Message of Grace


APRIL 1978

Understanding Our Sin

"Who can understand his errors?" Psalm 19:12

The true nature of things is never as it appears on the surface. The astronomer who looks through the telescope discovers that a star actually occupies a great deal of space and is not a simple point of sparkling light in the night sky. The biology student who looks through a microscope at a drop of pond water finds to his amazement endless activity of life in what seemed to be just a drop of water. What seemed to be simple, upon examination, was found to be quite involved.

Sin must be seen in the same manner to really know what it is. But you say, sin is a simple matter. Everyone knows that he is a sinner. Is this so? The unconcern that men have over their sin indicates they have little understanding of the nature, character and depth of the sin that is in their hearts. Only upon examination of one's own heart does a person find that he is far more a sinner than he first believed. Jesus Christ came into the world to save sinners. And the sinner who truly comes to Christ for that salvation is one who has seen sin with more than a casual eye. He has seen sin through the searching eye of the Holy Spirit and he is overwhelmed concerning it.

Sins are called "errors" because in general sin is a deviation from God's law, a missing of the mark, a straying from the right path. How true it is that "all we like sheep have gone astray; we have turned every one to his own way" (Isa. 53:6). We do not know the number, the magnitude, the guilt and the extent of our sin; nor do we want to know. Real self-examination is self-incrimination and how we hate to be the defendant, prosecutor, judge and jury all in one. Dear reader, if you would find yourself to be a sinner in need of salvation, you must have some understanding of the vileness of your sin. To help you; consider the following, and may God grant you sufficient understanding to cause you to flee to Christ for refuge and forgiveness.

  1. The Mystery of the Fall "Who can bring a clean thing out of an unclean?" (Job 14:4). The farmer tills his ground in the spring and it is bare of any kind of growth. Before long, however, and without planting a single seed, the ground becomes covered with plants, but they are weeds! What seemed to be clear soil was found to have in it hidden seed. So with sin. A baby comes forth from the womb with the appearance of innocence and purity, but gradually his life becomes a flourishing weed patch of sin.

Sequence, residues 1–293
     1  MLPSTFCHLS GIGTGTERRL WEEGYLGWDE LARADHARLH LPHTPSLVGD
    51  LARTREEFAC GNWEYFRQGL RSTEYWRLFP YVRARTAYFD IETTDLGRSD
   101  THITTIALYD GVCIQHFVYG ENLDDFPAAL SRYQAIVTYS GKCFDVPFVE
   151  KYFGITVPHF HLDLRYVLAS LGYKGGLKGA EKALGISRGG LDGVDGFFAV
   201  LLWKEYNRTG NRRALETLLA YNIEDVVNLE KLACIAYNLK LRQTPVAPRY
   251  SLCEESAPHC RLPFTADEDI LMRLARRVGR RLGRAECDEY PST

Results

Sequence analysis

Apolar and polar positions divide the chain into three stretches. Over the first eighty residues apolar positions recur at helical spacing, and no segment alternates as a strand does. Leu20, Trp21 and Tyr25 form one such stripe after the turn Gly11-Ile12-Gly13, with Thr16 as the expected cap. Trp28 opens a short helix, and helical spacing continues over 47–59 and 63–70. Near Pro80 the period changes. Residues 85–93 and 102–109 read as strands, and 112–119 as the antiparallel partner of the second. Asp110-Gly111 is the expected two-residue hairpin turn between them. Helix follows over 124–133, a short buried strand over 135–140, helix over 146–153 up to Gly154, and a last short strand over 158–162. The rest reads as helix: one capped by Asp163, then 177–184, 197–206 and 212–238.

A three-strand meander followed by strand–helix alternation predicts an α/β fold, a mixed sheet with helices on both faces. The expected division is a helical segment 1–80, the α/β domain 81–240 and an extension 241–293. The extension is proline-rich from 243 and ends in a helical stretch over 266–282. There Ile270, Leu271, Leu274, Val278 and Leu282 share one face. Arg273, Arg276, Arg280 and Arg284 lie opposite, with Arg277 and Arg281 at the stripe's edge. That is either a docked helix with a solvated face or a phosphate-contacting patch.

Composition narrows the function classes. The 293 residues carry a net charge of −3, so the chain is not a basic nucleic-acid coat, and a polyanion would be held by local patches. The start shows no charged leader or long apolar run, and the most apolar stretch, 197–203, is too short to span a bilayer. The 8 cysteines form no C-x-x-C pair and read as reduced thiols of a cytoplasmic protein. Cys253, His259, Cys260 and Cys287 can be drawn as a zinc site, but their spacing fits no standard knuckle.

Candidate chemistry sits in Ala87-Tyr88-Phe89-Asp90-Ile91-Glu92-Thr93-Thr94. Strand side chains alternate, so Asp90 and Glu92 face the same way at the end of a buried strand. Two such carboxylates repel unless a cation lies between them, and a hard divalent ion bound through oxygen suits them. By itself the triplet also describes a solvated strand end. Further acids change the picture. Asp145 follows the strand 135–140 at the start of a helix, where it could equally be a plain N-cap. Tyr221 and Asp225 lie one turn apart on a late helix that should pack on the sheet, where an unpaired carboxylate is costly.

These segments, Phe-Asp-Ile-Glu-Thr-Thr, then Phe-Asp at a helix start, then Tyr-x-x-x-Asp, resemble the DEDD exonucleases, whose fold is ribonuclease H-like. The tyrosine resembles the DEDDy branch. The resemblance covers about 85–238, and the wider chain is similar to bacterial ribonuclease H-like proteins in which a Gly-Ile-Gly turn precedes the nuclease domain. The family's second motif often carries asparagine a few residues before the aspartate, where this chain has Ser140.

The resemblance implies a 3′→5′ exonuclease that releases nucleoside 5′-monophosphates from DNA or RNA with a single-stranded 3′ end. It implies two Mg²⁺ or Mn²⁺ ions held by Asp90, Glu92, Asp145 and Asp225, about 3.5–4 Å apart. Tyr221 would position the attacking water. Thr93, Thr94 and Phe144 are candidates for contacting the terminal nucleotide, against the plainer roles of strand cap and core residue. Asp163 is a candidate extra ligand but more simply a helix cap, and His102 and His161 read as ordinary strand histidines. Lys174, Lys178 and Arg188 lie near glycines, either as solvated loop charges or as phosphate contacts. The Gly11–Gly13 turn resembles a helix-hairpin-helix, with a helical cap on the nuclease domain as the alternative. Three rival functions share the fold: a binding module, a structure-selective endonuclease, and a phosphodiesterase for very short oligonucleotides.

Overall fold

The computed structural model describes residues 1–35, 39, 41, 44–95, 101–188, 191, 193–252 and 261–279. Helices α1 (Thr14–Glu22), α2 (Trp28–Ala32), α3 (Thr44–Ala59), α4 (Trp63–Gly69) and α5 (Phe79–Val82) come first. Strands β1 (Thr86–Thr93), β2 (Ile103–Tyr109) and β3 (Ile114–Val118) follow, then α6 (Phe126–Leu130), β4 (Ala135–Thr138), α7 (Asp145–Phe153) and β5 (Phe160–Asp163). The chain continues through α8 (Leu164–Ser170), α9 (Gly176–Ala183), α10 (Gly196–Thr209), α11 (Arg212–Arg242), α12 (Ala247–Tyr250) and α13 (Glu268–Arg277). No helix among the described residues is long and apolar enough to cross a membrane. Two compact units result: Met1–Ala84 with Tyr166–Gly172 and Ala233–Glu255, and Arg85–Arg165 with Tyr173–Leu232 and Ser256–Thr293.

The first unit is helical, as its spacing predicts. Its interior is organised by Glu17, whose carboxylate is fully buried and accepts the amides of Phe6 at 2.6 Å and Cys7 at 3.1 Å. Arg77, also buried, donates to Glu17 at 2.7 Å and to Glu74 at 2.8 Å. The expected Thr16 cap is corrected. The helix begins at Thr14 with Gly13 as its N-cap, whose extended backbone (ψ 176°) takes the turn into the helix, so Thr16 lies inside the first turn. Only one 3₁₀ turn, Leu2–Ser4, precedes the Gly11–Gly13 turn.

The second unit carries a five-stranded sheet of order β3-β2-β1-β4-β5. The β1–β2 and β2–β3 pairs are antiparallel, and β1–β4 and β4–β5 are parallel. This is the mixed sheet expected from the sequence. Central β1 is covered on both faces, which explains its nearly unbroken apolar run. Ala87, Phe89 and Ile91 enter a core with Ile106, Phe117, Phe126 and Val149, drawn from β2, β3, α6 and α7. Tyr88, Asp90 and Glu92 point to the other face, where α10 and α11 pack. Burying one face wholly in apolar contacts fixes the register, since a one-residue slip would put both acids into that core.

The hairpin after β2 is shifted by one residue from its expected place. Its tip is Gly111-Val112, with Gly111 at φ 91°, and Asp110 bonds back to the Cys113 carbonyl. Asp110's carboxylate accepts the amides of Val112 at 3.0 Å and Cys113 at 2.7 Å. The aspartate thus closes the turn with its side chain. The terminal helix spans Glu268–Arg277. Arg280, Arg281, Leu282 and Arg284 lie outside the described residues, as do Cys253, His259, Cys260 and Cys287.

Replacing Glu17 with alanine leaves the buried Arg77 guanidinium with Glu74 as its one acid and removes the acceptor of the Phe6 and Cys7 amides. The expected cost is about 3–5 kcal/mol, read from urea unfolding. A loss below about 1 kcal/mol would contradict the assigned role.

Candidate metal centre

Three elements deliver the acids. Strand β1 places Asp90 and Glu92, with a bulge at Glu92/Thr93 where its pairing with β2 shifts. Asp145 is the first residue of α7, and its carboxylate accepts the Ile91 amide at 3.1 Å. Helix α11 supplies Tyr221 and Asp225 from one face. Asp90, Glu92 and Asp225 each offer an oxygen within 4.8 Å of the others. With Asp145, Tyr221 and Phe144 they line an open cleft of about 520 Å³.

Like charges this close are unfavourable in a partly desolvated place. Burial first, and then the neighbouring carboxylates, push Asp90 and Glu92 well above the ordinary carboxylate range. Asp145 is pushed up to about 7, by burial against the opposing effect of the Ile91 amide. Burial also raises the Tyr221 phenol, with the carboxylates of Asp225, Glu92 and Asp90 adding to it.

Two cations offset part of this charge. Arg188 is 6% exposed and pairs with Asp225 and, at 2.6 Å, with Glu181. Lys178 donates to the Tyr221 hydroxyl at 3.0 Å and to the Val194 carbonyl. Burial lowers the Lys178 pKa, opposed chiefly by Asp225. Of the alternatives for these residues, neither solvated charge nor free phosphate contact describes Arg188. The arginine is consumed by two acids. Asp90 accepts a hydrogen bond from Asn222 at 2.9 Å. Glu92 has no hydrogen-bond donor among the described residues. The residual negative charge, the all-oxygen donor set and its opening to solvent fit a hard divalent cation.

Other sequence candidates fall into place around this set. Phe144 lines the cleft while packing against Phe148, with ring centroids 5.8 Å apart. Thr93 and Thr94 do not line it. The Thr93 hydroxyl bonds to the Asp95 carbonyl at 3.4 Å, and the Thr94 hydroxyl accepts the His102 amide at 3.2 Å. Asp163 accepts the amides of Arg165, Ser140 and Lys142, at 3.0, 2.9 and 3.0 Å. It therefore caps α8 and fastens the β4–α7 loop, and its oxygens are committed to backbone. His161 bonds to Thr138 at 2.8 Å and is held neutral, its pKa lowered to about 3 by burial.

2. The Spirituality of God's Law The keeping of God's law extends beyond the act to the intent, the thought and even the motive of the heart. Jesus did not confine breaking the sixth commandment just to killing, but rather included anger in the heart as breaking it as well. Adultery was not simply the physical act, but lust after a woman in the heart equally broke the commandment. Outward disobedience to the law of God is nothing compared with the inward contrariness of the heart to the law's intent and meaning.
  3. The Perfection of God To get a right idea of how black sin is, one must see how bright God is. "God is light and in Him is no darkness at all" (1 Jn. 1:5). We think something is white until we put it next to something that is whiter. A sinner mistakenly regards himself to be pure and holy until he compares himself with the absolute purity and holiness of God. Then white becomes black, and sin is really seen for what it is, SIN!
  4. The Mystery of Hell Why must there be a hell? One best measures sin by its punishment. Sin will receive no more punishment than the justice of God requires, for God is just. Hell will be no more than what sin deserves. Oh, how wicked sin must be if it takes an eternity of God's wrath to adequately punish it. Do you believe the guilty sinner deserves hell? One who rightly understands his "errors" will say "yes".
  5. The Cross of Christ The clearest demonstration of the vileness of sin is to be found in the death of Jesus on the cross. There, God's holiness, righteousness, justice and wrath were all seen as He inflicted upon His only begotten Son the full measure of sin's punishment. "For God spared not His own Son, but delivered Him up for us all" (Rom. 8:32) so that the sinner might be pardoned and set free from the shackles of sin's guilt and dominion. In the garden, sin was the vise that so pressed the head of Christ that He sweat great drops of blood. On the cross it was only after He had drunk the bitter dregs of the cup that He could cry, "It is finished". Sin had been fully dealt with.